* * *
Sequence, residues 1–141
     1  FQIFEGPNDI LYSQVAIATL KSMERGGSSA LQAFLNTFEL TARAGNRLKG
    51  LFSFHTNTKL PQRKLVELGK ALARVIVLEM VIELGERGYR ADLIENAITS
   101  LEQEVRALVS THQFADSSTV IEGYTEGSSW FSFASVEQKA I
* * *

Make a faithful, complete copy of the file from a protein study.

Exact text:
Sequence, residues 1–141
     1  FQIFEGPNDI LYSQVAIATL KSMERGGSSA LQAFLNTFEL TARAGNRLKG
    51  LFSFHTNTKL PQRKLVELGK ALARVIVLEM VIELGERGYR ADLIENAITS
   101  LEQEVRALVS THQFADSSTV IEGYTEGSSW FSFASVEQKA I